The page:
Craft a Movie out of Memories
(In short: this guide shows you how to take a large, unedited video file, cut it into clips and arrange those clips by category. It’s geared towards those who have plenty of tapes or DVDs of their own filming, but don’t know quite what to do with them.)
To see the short video series which I created using the following method, visit http://schreibendepot.wordpress.com/2008/08/23/jofvc/ .
I would take an educated guess and say that 70 percent of American families have some sort of video recording device that they bring along on vacations and use around the home. Of those, I’d say that 70 percent do next to nothing with the stacks of tape that they create.
Capturing video is easy enough; taking those hour-long movies of beach trips and birthday parties to the next level is not. I used to be content to leave my recordings sitting on a shelf or compressed into DVDs, telling myself, “I’ll come back to them, some day.” I never did, of course. Watching uncut, unedited video is a little like poking around in a landfill for diamonds. You have to sit through a lot of lackluster footage before getting to the actual memories.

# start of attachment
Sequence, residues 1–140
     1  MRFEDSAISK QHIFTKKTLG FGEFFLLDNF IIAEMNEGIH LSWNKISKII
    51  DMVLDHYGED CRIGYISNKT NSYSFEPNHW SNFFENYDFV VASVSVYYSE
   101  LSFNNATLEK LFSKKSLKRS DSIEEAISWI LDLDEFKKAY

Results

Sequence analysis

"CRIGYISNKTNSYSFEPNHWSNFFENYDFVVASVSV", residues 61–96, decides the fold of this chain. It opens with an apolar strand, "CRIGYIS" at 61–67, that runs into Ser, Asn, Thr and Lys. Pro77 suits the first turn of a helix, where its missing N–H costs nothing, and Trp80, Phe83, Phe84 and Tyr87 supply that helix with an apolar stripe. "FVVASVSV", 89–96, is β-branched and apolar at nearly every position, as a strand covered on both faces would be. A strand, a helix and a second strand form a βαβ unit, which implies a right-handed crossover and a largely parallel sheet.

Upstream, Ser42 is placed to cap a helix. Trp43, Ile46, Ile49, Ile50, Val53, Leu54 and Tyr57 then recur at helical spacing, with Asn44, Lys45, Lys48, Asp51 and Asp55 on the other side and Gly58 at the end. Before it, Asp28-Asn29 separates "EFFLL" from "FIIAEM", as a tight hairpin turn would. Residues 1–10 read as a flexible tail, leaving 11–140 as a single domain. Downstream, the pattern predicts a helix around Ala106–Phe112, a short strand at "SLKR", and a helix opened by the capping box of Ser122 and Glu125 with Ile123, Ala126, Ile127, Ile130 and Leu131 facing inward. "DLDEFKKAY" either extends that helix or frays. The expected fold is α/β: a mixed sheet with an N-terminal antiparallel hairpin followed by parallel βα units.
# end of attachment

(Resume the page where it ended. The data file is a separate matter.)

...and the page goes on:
The good news in all of this is that editing and saving your movies onto a computer is rather simple, if a little time-consuming. The following is a general guide for creating a structured, abridged tape out of an hour’s worth of raw footage.
Step 1: Connect camera to computer
This first task gets easier every year as camcorders turn more and more computer friendly. If you’re using an analog VCR (in other words, one that does not use digital tapes), you’ll need to get some sort of adapter. Otherwise, the following instructions should be more or less comprehensive:
Hard disk cameras—since your video is already saved into an internal hard drive, you should have no trouble getting your precious memories onto your computer. A USB connector or Firewire cable should do the job.
Digital video cameras—this is the category that my camcorder falls into. If your computer supports Firewire, consider buying a linking cable for fast, simple data transfer. Otherwise, a USB port or an SD card (should there be a slot in your devices) should function just as well.